Warnings have emanated that the Democratic Republic of Korea (DPRK) is preparing to test a nuclear device. The US assistant secretary of state, Christopher Hill, was miffed. “We are not going to live with a nuclear North Korea,” declared Hill, “we are not going to accept it.”
There are things that the government of the United States does not accept or want to accept, but that does not mean that reality will bend to what is acceptable to the US. The US military had to accept being shoved out of the DPRK in 1950. It had to accept being forced out of Vietnam in 1975. The US military is now being forced to accept losing a bloody occupation of Iraq and Afghanistan.
Also, what is acceptable to one US regime might not be acceptable to another regime. In 1994, the US government of president Bill Clinton entered into an “agreed framework” with the DPRK. In exchange for the DPRK shutting down its graphite nuclear reactors that could produce weapons grade plutonium and a promise not to extract any plutonium in spent fuel rods, it was to receive two light-water nuclear reactors and oil deliveries until the reactors were completed in 2003. Instead, president George W. Bush added northern Korea to the “axis of evil,” cut off oil shipments, and backed out of the agreed framework. The result of Bush’s policy: the DPRK left the Nuclear Non-Proliferation Treaty (NPT) and rumors were floated that the communist north has developed a nuclear bomb.
So when Hill declared, “We’re not coming to terms with a nuclear North Korea,” the communist north was already prepared for this and had no reason to think otherwise no matter what the US regime stated, nuclear north or not.
Further, whereby does the US arrogate to itself the right to determine what technology is exclusive to it or a select group of countries? If another country were to develop a new advantageous gadget, military or not, would the US agree to exclude itself from procuring that technology?
The six-country talks -- with the DPRK, the Republic of Korea (ROK), China, Russia, the US, and Japan -- held to negotiate terms to end the nuclear-charged impasse, had stalled after the US slapped economic sanctions on the DPRK a year ago because of its alleged money laundering and counterfeiting operations.
Even DPRK ally China, through its foreign minister Li Zhaoxing, has warned northern Korea of “serious consequences” if it conducts a nuclear test. China, after all, fears what Taiwan could do if it decided to pursue a nuclear bomb.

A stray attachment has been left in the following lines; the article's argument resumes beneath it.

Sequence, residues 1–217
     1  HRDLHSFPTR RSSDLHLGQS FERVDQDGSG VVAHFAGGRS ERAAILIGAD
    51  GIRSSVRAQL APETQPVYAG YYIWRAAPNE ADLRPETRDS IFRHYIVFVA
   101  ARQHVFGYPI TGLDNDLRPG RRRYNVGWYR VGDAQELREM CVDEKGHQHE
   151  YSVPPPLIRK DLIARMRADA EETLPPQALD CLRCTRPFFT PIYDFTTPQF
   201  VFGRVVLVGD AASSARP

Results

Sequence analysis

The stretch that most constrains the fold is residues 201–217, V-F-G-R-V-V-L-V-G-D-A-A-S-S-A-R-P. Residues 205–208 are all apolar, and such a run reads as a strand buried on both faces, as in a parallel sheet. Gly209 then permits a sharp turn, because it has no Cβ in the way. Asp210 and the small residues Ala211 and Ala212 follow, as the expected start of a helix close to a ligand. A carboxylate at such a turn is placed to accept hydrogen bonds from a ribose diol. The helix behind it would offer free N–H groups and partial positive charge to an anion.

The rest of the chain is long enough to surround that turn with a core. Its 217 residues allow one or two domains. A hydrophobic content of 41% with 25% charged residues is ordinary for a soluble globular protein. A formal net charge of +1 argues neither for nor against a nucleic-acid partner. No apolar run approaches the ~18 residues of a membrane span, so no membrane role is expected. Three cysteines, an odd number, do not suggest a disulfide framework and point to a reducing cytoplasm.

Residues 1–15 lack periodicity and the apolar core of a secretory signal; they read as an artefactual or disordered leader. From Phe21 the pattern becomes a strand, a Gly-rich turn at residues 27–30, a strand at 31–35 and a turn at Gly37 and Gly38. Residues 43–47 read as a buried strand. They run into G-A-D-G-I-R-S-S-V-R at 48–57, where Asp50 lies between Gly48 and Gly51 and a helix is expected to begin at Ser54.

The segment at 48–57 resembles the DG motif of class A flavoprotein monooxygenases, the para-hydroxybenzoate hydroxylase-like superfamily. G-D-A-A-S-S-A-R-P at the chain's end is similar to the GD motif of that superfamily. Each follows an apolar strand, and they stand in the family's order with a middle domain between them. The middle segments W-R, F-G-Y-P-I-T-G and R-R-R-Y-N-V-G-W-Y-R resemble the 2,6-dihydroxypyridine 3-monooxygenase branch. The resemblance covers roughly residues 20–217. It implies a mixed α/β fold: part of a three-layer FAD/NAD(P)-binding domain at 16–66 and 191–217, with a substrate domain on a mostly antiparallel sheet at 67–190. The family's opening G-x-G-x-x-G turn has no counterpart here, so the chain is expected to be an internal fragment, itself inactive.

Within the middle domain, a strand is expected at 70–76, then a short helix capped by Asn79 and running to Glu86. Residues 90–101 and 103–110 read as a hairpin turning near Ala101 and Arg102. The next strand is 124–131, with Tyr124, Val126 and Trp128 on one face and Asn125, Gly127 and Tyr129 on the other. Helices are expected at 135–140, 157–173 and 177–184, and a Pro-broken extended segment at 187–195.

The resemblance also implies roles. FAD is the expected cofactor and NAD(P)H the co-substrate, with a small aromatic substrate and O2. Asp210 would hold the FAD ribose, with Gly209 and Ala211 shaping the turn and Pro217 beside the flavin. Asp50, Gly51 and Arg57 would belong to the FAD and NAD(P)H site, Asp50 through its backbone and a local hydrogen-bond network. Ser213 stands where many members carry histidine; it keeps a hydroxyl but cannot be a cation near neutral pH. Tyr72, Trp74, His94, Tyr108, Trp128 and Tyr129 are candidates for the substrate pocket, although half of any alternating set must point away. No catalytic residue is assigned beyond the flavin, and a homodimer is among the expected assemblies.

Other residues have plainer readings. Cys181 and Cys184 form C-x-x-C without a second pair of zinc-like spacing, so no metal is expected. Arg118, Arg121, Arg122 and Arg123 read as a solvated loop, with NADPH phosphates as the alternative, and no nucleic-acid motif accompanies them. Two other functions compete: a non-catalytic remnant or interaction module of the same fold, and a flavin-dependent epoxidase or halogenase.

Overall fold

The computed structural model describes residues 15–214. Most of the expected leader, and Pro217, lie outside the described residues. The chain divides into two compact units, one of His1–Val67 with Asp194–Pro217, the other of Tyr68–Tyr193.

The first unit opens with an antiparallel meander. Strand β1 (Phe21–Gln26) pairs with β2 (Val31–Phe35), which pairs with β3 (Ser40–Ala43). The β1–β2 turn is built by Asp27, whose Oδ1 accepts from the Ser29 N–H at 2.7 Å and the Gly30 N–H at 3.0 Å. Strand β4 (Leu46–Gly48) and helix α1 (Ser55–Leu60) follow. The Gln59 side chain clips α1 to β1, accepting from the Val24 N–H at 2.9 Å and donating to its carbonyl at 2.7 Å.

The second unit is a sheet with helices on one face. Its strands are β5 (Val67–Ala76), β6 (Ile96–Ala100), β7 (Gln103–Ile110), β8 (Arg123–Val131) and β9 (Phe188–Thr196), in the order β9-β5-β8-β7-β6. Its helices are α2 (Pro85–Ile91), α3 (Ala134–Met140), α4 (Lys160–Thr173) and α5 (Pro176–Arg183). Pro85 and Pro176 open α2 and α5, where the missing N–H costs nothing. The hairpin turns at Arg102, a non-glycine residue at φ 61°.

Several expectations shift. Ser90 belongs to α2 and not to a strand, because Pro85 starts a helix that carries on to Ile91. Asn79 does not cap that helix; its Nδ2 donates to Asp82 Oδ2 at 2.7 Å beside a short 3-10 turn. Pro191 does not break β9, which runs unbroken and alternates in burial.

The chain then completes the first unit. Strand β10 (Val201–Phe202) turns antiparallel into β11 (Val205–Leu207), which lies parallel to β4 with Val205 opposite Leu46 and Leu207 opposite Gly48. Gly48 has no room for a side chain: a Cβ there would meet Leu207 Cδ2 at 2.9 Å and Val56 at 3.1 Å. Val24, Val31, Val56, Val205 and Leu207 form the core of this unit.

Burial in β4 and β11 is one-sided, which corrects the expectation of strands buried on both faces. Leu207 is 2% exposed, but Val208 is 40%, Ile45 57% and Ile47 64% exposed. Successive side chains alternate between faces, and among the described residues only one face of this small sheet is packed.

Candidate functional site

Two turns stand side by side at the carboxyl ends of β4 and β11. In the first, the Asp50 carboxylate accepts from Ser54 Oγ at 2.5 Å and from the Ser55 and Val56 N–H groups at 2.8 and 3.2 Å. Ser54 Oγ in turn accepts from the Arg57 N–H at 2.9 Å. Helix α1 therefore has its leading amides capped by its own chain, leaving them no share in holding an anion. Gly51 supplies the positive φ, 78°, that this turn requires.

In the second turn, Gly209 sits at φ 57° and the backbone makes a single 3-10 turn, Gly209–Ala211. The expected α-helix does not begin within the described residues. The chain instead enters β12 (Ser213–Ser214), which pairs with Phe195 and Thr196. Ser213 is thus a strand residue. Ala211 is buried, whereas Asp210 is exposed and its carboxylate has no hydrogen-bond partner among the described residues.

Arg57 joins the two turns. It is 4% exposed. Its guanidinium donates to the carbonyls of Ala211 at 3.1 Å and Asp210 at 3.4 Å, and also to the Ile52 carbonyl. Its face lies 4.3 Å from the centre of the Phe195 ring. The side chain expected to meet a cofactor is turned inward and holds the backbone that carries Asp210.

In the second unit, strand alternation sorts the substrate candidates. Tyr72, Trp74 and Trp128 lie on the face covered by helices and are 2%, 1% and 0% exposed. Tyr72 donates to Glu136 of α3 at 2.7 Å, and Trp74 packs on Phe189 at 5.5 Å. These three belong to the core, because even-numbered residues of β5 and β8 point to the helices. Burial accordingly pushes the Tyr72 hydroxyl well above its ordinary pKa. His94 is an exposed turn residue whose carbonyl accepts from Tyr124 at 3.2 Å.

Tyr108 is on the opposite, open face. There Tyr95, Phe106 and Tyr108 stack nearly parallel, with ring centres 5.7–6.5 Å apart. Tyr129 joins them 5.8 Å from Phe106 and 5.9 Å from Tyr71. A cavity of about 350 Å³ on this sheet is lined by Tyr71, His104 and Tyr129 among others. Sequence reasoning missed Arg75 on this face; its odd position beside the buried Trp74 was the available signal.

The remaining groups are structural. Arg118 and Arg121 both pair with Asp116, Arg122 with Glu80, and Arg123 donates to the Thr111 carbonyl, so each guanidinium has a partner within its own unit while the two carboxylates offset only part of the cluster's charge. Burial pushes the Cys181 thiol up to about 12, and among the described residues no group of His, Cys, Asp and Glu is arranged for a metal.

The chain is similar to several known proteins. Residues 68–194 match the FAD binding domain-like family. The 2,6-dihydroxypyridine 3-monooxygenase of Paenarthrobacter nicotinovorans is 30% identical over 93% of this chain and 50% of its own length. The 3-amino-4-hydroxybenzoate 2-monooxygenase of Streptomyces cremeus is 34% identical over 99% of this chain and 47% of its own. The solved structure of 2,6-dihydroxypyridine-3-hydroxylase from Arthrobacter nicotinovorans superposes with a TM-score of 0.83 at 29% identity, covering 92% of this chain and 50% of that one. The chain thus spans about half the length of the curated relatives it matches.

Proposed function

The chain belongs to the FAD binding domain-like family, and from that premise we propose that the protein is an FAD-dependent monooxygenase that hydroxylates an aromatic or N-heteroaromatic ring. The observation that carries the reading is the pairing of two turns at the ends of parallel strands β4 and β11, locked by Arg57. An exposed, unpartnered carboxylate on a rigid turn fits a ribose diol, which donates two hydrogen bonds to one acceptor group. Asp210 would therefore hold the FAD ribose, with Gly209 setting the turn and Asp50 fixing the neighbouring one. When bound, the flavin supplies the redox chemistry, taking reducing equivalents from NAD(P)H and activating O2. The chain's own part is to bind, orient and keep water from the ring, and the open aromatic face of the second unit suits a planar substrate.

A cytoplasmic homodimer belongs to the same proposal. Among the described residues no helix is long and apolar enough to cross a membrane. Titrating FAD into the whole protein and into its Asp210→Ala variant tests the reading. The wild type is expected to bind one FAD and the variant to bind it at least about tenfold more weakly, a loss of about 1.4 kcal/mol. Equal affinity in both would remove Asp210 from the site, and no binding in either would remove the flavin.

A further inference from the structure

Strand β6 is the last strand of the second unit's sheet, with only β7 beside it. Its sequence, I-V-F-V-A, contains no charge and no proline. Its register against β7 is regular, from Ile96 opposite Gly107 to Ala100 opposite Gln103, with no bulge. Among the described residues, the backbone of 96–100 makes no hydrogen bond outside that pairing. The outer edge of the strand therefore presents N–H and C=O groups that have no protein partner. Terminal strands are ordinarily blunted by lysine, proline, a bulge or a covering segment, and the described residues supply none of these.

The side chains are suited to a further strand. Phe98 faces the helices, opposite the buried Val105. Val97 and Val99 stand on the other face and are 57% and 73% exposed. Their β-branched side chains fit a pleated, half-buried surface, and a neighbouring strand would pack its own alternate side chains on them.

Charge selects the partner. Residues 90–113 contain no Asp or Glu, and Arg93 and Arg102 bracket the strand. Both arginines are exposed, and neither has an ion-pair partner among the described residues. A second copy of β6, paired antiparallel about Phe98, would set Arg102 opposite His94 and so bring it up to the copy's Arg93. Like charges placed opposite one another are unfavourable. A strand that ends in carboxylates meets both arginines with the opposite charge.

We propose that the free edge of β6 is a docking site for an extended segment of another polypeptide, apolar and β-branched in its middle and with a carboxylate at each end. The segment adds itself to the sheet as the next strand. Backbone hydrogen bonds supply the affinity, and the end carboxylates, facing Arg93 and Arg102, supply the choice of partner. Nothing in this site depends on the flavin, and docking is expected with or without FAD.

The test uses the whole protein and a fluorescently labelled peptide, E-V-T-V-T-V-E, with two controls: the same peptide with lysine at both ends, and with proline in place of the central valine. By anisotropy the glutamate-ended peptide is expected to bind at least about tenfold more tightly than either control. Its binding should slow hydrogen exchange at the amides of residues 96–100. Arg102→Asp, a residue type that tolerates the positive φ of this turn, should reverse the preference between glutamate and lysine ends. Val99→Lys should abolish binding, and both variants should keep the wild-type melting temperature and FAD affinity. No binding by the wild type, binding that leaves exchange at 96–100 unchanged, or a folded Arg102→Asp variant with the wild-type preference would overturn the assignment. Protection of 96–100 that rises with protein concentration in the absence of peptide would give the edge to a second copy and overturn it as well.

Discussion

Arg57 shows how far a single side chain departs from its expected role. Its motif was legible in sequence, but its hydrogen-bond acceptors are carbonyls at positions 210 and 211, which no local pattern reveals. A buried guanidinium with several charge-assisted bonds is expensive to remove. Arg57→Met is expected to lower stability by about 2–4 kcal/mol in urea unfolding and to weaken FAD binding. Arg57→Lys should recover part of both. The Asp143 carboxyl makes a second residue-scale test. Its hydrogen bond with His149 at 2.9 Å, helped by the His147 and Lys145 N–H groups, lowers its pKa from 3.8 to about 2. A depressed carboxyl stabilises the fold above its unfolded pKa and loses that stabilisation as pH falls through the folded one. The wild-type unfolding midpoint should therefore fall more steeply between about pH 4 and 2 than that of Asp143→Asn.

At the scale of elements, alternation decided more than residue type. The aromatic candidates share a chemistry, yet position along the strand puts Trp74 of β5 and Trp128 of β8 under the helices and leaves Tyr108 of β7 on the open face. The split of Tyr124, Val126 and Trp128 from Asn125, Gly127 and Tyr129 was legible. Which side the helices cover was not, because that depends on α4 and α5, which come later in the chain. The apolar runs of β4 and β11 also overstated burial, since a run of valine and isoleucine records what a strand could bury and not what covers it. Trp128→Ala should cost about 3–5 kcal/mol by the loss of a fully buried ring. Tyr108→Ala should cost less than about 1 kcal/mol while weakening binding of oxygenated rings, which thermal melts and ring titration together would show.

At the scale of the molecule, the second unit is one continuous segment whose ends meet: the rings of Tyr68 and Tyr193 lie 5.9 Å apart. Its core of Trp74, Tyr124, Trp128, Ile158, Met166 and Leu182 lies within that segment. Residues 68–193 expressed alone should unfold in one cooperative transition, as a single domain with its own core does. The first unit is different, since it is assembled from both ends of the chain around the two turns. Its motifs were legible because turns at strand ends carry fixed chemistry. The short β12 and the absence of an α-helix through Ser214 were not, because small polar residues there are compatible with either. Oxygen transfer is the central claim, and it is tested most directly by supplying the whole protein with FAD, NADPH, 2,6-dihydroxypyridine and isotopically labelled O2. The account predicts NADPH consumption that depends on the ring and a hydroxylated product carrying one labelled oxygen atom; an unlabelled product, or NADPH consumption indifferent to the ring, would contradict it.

A draft resolution circulated at the United Nations Security Council by Japan’s ambassador Kenzo Oshima called for “consequences” if northern Korea carries out a nuclear test.
The ROK regime is taking a cautious and pragmatic approach to the situation. 
It appears that the US may be gambling that the DPRK regime is in its last throes, weakened by years of famine and economic hardship.
Whatever the reasons, the US regime’s declamations against nuclear weapon development in the DPRK carry little moral weight in light of its own contraventions of the NPT in pursuing nuclear weapon development and its courtship of India and Pakistan following a brief interregnum after their testing of nuclear devices.
The DPRK, reportedly, does not yet have sufficiently sophisticated missile technology to strike beyond Alaska to the lower 49 states. This does not matter because plenty of strategic US sites are well within reach in southern Korea and Japan.
The US media portrays northern Korea as gambling with nuclear weapons while being cornered internationally.  From its side, the DPRK’s possession of nuclear weapons poses no threat of an impending nuclear war. Obviously, the regime of president Kim Jong Il does not possess sufficient numbers of nuclear weapons to deploy them in an offensive capacity.
But the lessons have been learned from the US aggression of a disarmed Iraq. The DPRK presents no credible offensive threat, but it might now have a formidable defensive threat against aggressors.
It would seem that the unacceptable nuclear gamble is to corner Kim’s regime.
Kim Petersen, Co-Editor of Dissident Voice, lives on the outskirts of Seoul in southern Korea. He can be reached at: email@example.com.
 Park Song-wu, “South Urges North Not to Cross Red Line,” Korea Times, 5 October 2006.
 William M. Arkin, “Behind North Korea’s Latest Nuclear Gamble,” Washington Post, 5 October 2006.
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